Saturday, September 29, 2007

Charles Bronson's Japanese TV commercial

The late, great Charles Bronson is featured in this old Japanese TV commercial for "Mandom," a brand of cologne and other toiletries.




—Mellow Monk


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Friday, September 28, 2007

Thursday, September 27, 2007

Kiri-origami photos

Kiri-origami is like traditional origami (paper-folding)—each piece is made from a single sheet of paper, although the sheets are larger than ordinary origami paper, and scissors are allowed.


Nikon has a kiri-origami album on one of its websites.




Created from a single sheet of paper.


—Mellow Monk


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Wednesday, September 26, 2007

World's most expensive tea?

The Glendale Tea Estate in Tamil Nadu, India, sells one of its black teas for $600 a kilogram. The owners applied to the Guinness Book of World Records for status as the world's most expensive tea but were rebuffed.


Guinness officials told them that "a rare Chinese green tea called Tieguanyin, which costs 1,700 Yuan ($3,000) per kilo (per 2 lb 3 oz)," is currently recognized as the world's most expensive tea.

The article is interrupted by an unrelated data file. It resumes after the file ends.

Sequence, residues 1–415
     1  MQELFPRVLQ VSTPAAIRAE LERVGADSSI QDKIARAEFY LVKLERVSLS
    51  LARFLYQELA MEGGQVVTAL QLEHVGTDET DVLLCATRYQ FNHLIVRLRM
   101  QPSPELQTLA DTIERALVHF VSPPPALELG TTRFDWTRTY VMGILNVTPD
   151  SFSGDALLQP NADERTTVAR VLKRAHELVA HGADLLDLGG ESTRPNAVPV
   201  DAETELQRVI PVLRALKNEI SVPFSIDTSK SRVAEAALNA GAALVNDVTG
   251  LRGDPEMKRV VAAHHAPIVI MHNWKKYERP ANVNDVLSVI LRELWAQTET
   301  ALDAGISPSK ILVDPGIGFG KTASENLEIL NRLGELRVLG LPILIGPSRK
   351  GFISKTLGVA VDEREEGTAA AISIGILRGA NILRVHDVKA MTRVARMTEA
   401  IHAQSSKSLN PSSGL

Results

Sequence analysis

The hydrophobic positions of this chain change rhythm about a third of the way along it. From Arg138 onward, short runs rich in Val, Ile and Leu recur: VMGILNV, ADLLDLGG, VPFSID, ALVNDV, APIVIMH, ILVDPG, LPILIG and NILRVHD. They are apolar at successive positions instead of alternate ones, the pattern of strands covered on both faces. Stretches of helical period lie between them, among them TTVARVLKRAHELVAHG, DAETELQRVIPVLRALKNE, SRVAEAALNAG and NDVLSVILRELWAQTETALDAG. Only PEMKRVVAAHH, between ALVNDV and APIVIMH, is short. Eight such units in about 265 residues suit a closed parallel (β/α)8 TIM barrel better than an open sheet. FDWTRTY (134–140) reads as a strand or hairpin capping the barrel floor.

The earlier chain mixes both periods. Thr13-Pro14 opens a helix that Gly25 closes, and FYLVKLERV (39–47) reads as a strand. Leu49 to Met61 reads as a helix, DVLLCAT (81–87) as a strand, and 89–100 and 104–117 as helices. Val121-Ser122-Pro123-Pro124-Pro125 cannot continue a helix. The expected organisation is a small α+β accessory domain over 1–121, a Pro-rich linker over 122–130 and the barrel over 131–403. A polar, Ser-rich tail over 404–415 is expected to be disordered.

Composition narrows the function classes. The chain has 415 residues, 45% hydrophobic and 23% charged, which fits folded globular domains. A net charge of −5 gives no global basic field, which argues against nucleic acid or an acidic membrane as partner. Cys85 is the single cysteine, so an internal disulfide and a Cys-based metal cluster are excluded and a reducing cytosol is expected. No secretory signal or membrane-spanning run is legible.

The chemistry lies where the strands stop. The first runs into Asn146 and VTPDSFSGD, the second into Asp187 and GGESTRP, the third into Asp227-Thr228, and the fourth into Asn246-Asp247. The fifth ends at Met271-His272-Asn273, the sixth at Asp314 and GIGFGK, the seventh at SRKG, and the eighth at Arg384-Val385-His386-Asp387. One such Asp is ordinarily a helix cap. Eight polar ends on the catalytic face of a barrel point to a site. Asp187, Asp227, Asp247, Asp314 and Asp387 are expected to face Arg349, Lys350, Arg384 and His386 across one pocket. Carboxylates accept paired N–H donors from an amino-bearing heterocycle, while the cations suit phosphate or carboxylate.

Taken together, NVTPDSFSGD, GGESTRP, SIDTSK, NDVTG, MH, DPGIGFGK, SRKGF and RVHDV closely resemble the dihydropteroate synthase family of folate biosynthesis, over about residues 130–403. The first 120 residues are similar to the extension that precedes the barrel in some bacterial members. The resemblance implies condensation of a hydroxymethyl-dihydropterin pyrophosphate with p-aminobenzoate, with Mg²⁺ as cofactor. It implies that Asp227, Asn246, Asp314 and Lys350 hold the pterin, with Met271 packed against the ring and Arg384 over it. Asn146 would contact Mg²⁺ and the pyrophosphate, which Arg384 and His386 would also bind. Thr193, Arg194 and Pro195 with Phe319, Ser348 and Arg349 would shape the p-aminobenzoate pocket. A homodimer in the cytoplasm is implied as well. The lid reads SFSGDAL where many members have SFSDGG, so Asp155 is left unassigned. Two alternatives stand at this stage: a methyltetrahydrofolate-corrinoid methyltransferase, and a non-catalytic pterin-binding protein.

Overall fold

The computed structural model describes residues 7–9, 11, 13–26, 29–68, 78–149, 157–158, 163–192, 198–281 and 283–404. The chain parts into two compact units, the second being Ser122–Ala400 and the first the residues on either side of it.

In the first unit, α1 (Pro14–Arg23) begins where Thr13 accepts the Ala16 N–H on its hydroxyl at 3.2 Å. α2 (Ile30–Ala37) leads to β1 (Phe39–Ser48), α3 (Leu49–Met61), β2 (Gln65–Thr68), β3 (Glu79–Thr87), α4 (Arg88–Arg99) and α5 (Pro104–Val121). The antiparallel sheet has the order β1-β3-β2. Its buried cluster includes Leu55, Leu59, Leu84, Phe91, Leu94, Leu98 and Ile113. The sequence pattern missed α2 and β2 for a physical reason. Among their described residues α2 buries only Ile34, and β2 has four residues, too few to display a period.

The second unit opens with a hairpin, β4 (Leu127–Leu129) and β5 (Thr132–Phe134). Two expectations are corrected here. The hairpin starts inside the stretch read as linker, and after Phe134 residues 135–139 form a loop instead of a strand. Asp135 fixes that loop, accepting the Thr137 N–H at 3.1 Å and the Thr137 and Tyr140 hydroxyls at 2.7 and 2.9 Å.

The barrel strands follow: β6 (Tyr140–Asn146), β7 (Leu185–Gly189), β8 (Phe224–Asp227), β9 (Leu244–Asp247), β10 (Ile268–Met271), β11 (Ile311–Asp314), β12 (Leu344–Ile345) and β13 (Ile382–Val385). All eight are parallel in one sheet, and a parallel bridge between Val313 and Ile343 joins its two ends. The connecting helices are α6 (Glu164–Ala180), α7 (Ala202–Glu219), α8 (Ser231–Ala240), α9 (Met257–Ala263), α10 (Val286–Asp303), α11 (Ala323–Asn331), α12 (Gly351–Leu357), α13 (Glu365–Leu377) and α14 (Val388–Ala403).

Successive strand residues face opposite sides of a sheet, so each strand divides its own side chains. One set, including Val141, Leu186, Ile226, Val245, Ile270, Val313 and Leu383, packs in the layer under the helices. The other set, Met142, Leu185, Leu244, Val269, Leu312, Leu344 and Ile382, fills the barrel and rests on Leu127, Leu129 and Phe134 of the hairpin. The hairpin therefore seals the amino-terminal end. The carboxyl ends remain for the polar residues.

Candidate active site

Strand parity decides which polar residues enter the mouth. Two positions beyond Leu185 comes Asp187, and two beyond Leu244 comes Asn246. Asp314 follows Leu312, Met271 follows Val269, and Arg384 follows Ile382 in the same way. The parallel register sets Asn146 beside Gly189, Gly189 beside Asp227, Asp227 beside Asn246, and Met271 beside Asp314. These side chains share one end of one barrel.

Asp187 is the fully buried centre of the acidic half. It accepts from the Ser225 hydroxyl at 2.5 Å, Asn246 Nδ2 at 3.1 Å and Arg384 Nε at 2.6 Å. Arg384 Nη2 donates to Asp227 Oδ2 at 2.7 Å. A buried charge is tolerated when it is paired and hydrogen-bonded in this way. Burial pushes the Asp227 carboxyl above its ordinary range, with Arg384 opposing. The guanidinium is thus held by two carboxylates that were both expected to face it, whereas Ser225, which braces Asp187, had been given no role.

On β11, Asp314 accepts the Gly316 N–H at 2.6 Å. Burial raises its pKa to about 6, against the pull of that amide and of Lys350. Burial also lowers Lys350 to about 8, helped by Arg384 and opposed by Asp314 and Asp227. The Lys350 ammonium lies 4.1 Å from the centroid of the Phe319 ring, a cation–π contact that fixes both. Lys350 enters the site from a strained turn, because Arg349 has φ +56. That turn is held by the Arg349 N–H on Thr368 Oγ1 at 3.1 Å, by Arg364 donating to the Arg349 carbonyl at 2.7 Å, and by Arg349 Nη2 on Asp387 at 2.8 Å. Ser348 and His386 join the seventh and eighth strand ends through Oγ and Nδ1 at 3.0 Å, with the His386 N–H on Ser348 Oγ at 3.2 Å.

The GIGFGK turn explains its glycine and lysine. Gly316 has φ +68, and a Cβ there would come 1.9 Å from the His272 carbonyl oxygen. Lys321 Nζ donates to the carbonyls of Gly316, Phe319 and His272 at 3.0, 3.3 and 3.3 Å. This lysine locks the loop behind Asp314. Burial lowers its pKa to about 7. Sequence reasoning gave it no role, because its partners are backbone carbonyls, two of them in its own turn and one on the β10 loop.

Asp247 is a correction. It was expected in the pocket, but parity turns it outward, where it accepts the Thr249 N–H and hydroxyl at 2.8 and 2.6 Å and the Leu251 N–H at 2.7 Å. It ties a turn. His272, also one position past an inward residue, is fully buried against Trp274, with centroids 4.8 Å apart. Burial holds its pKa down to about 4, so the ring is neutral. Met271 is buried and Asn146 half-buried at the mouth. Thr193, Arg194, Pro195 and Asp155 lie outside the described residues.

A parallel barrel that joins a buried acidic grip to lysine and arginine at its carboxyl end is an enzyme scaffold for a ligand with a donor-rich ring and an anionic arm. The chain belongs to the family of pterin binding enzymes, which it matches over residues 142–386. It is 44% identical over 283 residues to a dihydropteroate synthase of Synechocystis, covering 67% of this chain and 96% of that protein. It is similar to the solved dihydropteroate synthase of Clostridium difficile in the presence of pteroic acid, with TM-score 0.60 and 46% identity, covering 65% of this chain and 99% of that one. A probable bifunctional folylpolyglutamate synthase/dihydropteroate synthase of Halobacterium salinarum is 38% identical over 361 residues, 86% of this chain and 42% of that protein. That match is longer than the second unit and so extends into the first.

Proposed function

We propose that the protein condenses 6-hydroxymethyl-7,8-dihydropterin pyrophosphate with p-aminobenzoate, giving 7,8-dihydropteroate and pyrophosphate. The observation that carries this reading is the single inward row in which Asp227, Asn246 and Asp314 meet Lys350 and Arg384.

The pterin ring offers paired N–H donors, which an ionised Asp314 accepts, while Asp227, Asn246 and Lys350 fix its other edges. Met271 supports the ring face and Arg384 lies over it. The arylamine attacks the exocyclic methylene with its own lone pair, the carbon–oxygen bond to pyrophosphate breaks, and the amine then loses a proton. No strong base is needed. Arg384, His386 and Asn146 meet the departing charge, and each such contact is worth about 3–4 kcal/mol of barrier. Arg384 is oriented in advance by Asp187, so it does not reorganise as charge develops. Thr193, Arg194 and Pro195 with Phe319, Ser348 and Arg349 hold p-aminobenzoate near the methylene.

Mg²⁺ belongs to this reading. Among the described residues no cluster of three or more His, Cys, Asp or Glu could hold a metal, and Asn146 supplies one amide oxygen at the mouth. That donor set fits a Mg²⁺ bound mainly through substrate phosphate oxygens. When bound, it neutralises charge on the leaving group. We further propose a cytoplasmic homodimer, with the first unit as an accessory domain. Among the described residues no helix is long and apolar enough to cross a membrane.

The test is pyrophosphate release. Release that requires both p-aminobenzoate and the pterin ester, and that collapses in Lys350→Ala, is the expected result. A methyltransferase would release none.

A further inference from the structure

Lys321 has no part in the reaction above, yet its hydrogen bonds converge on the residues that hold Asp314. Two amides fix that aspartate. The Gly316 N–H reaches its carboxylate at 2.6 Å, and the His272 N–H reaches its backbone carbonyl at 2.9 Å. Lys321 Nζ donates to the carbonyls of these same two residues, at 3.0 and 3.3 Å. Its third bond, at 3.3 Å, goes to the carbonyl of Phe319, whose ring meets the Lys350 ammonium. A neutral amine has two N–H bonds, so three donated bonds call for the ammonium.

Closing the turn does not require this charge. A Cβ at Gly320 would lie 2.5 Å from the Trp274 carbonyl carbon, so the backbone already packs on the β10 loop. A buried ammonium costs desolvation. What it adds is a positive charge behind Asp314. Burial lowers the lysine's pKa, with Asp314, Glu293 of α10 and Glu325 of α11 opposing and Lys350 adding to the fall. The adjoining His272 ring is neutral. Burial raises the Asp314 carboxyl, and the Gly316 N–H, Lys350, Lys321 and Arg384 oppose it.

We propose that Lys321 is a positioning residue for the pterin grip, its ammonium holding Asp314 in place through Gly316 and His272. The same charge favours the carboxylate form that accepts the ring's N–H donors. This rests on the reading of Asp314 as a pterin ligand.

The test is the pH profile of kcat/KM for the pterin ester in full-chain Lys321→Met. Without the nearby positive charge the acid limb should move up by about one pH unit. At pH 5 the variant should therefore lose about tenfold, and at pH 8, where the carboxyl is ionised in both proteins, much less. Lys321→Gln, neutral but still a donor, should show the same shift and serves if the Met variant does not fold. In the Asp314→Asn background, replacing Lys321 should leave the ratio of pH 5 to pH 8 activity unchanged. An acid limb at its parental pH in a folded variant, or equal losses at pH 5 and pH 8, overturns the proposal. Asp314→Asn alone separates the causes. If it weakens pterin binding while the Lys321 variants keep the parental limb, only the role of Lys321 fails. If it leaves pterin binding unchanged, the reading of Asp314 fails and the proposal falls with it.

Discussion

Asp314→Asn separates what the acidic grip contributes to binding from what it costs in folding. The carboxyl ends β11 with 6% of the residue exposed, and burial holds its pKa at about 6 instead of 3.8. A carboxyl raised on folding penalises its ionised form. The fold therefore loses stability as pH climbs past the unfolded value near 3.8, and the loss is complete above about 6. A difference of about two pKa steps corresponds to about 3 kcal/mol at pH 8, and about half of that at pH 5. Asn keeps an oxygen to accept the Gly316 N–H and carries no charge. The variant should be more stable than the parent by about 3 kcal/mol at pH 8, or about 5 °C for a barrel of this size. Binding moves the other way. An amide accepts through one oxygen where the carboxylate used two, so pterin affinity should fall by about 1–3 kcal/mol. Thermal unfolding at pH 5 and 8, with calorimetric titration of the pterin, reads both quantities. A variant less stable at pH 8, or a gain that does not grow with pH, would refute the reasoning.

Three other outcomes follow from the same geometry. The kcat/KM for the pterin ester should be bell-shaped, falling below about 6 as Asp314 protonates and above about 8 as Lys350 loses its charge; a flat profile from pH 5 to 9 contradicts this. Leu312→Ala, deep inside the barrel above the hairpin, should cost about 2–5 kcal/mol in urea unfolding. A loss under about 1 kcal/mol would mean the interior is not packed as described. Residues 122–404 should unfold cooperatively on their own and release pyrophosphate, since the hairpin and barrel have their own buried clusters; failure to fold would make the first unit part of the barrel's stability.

"Aha!" said the owners of Glendale Tea Estate. Theirs is a black tea, whereas Tieguanyin is a green tea. How can Guinness not have a separate category?

[The Glendale Tea manager] pointed out that there is a huge difference between black tea and green tea and cannot be compared under the same category.

I'm with him 100 percent on that point!


By the way, who on earth is buying all that tea at those prices? If anyone knows, would you kindly point them to MellowMonk.com?



Our prices aren't so bad in comparison.


—Mellow Monk


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Tuesday, September 25, 2007

Monday, September 24, 2007

Whacky Japanese game show: obstacle course with treadmill!

There is no English voiceover, and no subtitles, but the video is fairly self-explanatory: a Japanese game show in which contestants run side-by-side on giant treadmills, trying to negotiate hurdles as they run.